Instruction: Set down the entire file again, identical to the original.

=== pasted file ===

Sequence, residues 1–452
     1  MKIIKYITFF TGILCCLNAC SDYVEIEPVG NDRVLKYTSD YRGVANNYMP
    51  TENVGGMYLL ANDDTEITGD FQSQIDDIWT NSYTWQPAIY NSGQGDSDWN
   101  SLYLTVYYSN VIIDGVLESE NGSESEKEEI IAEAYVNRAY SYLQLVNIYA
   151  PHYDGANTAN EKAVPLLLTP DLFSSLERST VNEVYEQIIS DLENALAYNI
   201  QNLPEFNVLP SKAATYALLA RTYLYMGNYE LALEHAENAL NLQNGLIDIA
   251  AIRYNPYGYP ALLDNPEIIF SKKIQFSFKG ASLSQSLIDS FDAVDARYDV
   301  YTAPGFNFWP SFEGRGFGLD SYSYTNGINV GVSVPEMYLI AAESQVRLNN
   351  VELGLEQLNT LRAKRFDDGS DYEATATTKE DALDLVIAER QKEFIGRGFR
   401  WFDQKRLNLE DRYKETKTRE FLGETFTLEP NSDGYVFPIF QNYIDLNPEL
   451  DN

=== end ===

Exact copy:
Sequence, residues 1–452
     1  MKIIKYITFF TGILCCLNAC SDYVEIEPVG NDRVLKYTSD YRGVANNYMP
    51  TENVGGMYLL ANDDTEITGD FQSQIDDIWT NSYTWQPAIY NSGQGDSDWN
   101  SLYLTVYYSN VIIDGVLESE NGSESEKEEI IAEAYVNRAY SYLQLVNIYA
   151  PHYDGANTAN EKAVPLLLTP DLFSSLERST VNEVYEQIIS DLENALAYNI
   201  QNLPEFNVLP SKAATYALLA RTYLYMGNYE LALEHAENAL NLQNGLIDIA
   251  AIRYNPYGYP ALLDNPEIIF SKKIQFSFKG ASLSQSLIDS FDAVDARYDV
   301  YTAPGFNFWP SFEGRGFGLD SYSYTNGINV GVSVPEMYLI AAESQVRLNN
   351  VELGLEQLNT LRAKRFDDGS DYEATATTKE DALDLVIAER QKEFIGRGFR
   401  WFDQKRLNLE DRYKETKTRE FLGETFTLEP NSDGYVFPIF QNYIDLNPEL
   451  DN